This is a bit of a departure for me; there is really no excuse for this dessert. I was brought up with the firm belief that a dessert requires a rationale. If it is a holiday or birthday, you go to town, fix something decadent, have a bit, and make someone else take all the leftovers home. If you are having dinner guests, you may do the same. Otherwise, something sweet should be cookies, or other easily divisible item(s), which you can dole out in small quantities, to have with your tea.
Of late, this last category has been dominated by scourtins, the incredible french olive cookies, about which I could go on and on. I will nip this digression in the bud, except to send you to the Traveler's Lunchbox for the recipe. You won't be sorry if you make these lovelies for yourself. (Note: I have simplified things by treating them as a refrigerator cookie. I form the dough into logs, chill and cut off thin slices to bake. They are so fine, and unlike anything else. Ach, I digressed after all.)
In any event there is no occasion for this dessert. Furthermore, I am not usually a one for mousse(s) and the like. I just thought this looked interesting, pretty and, frankly, easy, because of the yogurt business. I had some leftover nice white Callebaut chocolate from the candy I made, and I was interested in trying another recipe from the New Spanish Table-having been crazy for the potato/almond soup I found there. So I made me some entirely unjustified and slightly silly-sounding White Chocolate Mousse with Passionfruit Gelee.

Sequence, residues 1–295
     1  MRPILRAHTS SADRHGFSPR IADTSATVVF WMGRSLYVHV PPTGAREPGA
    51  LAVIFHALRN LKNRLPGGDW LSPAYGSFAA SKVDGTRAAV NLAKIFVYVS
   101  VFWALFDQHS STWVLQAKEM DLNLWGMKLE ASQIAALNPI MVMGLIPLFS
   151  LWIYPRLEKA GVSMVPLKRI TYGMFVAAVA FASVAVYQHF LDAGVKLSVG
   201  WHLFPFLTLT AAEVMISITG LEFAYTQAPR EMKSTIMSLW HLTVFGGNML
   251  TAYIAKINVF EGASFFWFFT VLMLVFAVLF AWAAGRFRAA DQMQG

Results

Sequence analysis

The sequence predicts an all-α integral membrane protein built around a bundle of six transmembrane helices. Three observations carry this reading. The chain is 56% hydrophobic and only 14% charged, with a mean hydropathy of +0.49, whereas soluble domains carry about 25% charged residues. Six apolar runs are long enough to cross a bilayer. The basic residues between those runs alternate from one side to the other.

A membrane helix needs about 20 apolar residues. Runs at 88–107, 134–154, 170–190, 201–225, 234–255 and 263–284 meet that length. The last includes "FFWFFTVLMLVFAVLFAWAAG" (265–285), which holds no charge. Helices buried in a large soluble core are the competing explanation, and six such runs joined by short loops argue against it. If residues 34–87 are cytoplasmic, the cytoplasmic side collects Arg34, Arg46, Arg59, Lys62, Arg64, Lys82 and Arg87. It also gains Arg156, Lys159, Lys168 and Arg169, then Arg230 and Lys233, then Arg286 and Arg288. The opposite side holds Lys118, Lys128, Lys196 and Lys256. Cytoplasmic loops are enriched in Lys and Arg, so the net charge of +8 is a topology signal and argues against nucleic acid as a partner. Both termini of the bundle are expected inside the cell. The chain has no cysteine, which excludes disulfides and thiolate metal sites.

If you would like to make some, too, this is what you need:
plain whole milk yogurt 2 cups
white chocolate-finely chopped 7-8 oz
heavy cream 1/4 cup
unflavored gelatin 2 1/4 tsp (1 envelope)
strained passion fruit juice or frozen puree-1 cup
sugar 1/3 cup
Strain the yogurt in a colander lined with cheesecloth or a yogurt strainer to concentrate it. Leave it at least 2 hours. About 45 minutes before it is done, melt the white chocolate in the cream. Cool about 1/2 hour, stirring occasionally. Stir the chocolate into the strained yogurt until combined. Divide the mixture into 2 pretty glasses or small glass bowls,cover, and refrigerate, about 30 minutes.
Place the gelatin in a small sauce pan. Sprinkle with 2 tbsps of the passion fruit, and let it stand 5 minutes. Add remaining passion fruit and stir over a medium heat until gelatin dissolves. Add sugar. Cool to room temperature. Take the mousse from the fridge. Pour a little bit of the passion fruit jelly over each mousse. Chill until it sets up-a couple of hours. If you like, top it with shaved curls of white chocolate.
Despite its mousse-hood and white chocolate, this dessert is neither cloyingly sweet nor rich to the point of queasiness. In fact it is , a little surprisingly, a keeper. Both the yogurt and the passionfruit add tang, nicely balancing the creamy, waxy sweetness of the white chocolate. And it is, after all, half jello. I adore the taste of passionfruit, and imagine this bit of frivolity would be even better made with strained fresh juice or pulp. I couldn't find any, so made do with a bottled passionfruit nectar, diluted by the bottler with water and sugar, but with nothing untoward added. Still.
I am very impressed with this cookbook, and may have to buy it. If so, I will need to buy it on line,so that it can be delivered. I cannot possibly carry it home, it weighs a ton-and we're talking about the paperback version here. I may also need Ms. Bremzen's other cookbook, Please to the Table, a pan-Russian cookbook which comes highly recommended per pyewacket. I have no Russian cookbook,whatsoever, unless you count the wonderful memoir, Katish, in the Modern Library Food Series. I can't let this situation continue, now can I?